Canon XSi vs Panasonic FZ100
The Canon EOS Rebel XSi (called Canon 450D in some regions) and the Panasonic Lumix DMC-FZ100 are two digital cameras that were announced, respectively, in January 2008 and July 2010. The XSi is a DSLR, while the FZ100 is a fixed lens compact. The cameras are based on an APS-C (XSi) and a 1/2.3-inch (FZ100) sensor. The Canon has a resolution of 12.2 megapixels, whereas the Panasonic provides 14 MP.
Below is an overview of the main specs of the two cameras as a starting point for the comparison.
Going beyond this snapshot of core features and characteristics, what are the differences between the Canon EOS Rebel XSi and the Panasonic Lumix DMC-FZ100? Which one should you buy? Read on to find out how these two cameras compare with respect to their body size, their imaging sensors, their shooting features, their input-output connections, and their reception by expert reviewers.
The physical size and weight of the Canon XSi and the Panasonic FZ100 are illustrated in the side-by-side display below. The two cameras are presented according to their relative size. Three consecutive perspectives from the front, the top, and the back are available. All width, height and depth dimensions are rounded to the nearest millimeter.
If the front view area (width x height) of the cameras is taken as an aggregate measure of their size, the Panasonic FZ100 is notably smaller (20 percent) than the Canon XSi. In this context, it is worth noting that neither the XSi nor the FZ100 are weather-sealed.
The above size and weight comparisons are to some extent incomplete and possibly misleading, as the FZ100 has a lens built in, whereas the XSi is an interchangeable lens camera that requires a separate lens. Attaching the latter will add extra weight and bulk to the setup. You can compare the optics available for the XSi and their specifications in the Canon EF Lens Catalog.
The adjacent table lists the principal physical characteristics of the two cameras alongside a wider set of alternatives. If you want to switch the focus of the display and review another camera pair, you can move across to the CAM-parator tool and choose from the broad selection of possible camera comparisons there.
|1.||Canon XSi||129 mm||98 mm||62 mm||524 g||500||n||Jan 2008||799|
|2.||Panasonic FZ100||124 mm||82 mm||92 mm||540 g||410||n||Jul 2010||499|
|3.||Canon T6i||132 mm||101 mm||78 mm||555 g||440||n||Feb 2015||749|
|4.||Canon T6s||132 mm||101 mm||78 mm||565 g||440||n||Feb 2015||649|
|5.||Canon T4i||133 mm||100 mm||79 mm||575 g||440||n||Jun 2012||849|
|6.||Canon SX40||123 mm||92 mm||108 mm||600 g||380||n||Sep 2011||429|
|7.||Canon T3||130 mm||100 mm||78 mm||495 g||700||n||Feb 2011||449|
|8.||Canon SX30||123 mm||92 mm||108 mm||601 g||370||n||Sep 2010||429|
|9.||Canon T2i||129 mm||98 mm||62 mm||530 g||440||n||Feb 2010||699|
|10.||Canon T1i||129 mm||98 mm||62 mm||520 g||400||n||Mar 2009||799|
|11.||Canon XS||126 mm||98 mm||65 mm||502 g||500||n||Jun 2008||449|
|12.||Canon 40D||146 mm||108 mm||74 mm||822 g||750||n||Aug 2007||1,299|
|13.||Canon XTi||127 mm||84 mm||65 mm||556 g||370||n||Aug 2006||799|
|14.||Canon XT||127 mm||94 mm||64 mm||540 g||400||n||Feb 2005||899|
|15.||Panasonic FZ200||125 mm||87 mm||110 mm||588 g||540||n||Jul 2012||599|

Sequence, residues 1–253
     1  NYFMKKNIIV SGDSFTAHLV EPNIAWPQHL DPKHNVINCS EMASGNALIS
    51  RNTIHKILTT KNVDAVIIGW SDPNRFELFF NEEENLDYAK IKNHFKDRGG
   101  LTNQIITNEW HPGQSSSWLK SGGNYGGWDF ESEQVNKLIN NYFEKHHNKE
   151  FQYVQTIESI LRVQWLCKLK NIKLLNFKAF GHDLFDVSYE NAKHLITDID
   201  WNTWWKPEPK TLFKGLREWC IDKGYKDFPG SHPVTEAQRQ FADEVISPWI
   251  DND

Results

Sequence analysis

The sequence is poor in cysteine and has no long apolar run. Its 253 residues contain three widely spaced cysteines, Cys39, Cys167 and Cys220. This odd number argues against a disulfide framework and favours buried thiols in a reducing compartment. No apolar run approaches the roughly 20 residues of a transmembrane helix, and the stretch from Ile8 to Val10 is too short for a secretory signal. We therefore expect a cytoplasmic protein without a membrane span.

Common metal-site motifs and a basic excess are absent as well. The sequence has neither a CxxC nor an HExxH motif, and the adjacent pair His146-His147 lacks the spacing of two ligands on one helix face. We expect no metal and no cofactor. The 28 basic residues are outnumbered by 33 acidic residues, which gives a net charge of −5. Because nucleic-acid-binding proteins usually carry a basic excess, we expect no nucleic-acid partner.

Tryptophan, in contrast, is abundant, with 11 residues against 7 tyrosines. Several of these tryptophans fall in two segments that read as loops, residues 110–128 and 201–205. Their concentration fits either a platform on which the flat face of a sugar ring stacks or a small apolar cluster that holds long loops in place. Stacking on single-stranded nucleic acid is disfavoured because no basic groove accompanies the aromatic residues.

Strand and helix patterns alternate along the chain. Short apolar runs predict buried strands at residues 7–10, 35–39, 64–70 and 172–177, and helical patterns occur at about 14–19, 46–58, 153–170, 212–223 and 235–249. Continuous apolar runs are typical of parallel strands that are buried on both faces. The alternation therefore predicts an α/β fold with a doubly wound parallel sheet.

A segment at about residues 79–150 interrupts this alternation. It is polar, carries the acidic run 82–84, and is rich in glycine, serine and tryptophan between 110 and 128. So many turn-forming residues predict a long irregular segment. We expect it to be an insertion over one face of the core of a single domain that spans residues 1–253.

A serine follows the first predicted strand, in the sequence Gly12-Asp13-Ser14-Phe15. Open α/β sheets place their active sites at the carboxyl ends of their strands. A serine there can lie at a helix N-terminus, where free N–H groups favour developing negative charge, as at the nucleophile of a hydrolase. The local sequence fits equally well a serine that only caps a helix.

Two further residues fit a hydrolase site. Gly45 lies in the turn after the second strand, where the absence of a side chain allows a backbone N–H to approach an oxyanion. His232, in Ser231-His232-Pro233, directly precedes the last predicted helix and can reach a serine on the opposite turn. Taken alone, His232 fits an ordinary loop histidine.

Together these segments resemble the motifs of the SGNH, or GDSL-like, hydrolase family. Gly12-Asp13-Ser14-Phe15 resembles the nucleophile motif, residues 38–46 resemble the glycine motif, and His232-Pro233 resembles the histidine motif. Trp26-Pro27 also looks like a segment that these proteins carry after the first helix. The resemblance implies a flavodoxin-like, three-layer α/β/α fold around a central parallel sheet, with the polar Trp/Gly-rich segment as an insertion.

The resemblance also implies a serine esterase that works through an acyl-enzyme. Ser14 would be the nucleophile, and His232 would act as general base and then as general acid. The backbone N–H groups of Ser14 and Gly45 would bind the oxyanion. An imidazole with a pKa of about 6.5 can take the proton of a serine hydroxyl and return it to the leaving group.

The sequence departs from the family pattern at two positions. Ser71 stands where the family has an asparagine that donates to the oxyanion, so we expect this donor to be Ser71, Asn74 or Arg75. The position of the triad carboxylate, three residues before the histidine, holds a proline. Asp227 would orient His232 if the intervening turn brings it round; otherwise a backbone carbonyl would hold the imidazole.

|16.||Panasonic FZ150||124 mm||82 mm||92 mm||528 g||410||n||Aug 2011||499|
|17.||Panasonic G3||115 mm||84 mm||47 mm||336 g||270||n||May 2011||599|
|Notes: Measurements and pricing do not include easily detachable parts, such as add-on or interchangeable lenses or optional viewfinders.|
The price is, of course, an important factor in any camera decision. The manufacturer’s suggested retail prices give an idea on the placement of the camera in the maker’s lineup and the broader market. The FZ100 was launched at a lower price than the XSi, despite having a lens built in. Usually, retail prices stay at first close to the launch price, but after several months, discounts become available. Later in the product cycle and, in particular, when the replacement model is about to appear, further discounting and stock clearance sales often push the camera price considerably down. Then, after the new model is out, very good deals can frequently be found on the pre-owned market.
The size of the sensor inside a digital camera is one of the key determinants of image quality. A large sensor will tend to have larger individual pixels that provide better low-light sensitivity, wider dynamic range, and richer color-depth than smaller pixel-units in a sensor of the same technological generation. Moreover, a large sensor camera will give the photographer more control over depth-of-field in the image and, thus, the ability to better isolate a subject from the background. On the downside, larger sensors tend to be more expensive and lead to bigger and heavier cameras and lenses.
Of the two cameras under consideration, the Canon XSi features an APS-C sensor and the Panasonic FZ100 a 1/2.3-inch sensor. The sensor area in the FZ100 is 91 percent smaller. As a result of these sensor size differences, the cameras have a format factor of, respectively, 1.6 and 5.6. The sensor in the XSi has a native 3:2 aspect ratio, while the one in the FZ100 offers a 4:3 aspect.
Technology-wise, both cameras are equipped with CMOS (Complementary Metal–Oxide–Semiconductor) sensors.
Despite having a smaller sensor, the FZ100 offers a higher resolution of 14 megapixels, compared with 12.2 MP of the XSi. This megapixels advantage comes at the cost of a higher pixel density and a smaller size of the individual pixel (with a pixel pitch of 1.41μm versus 5.19μm for the XSi). However, it should be noted that the FZ100 is much more recent (by 2 years and 5 months) than the XSi, and its sensor will have benefitted from technological advances during this time that make it possible to gather light more efficiently. Coming back to sensor resolution, it should be mentioned that the FZ100 has no anti-alias filter installed, so that it can capture all the detail its sensor resolves.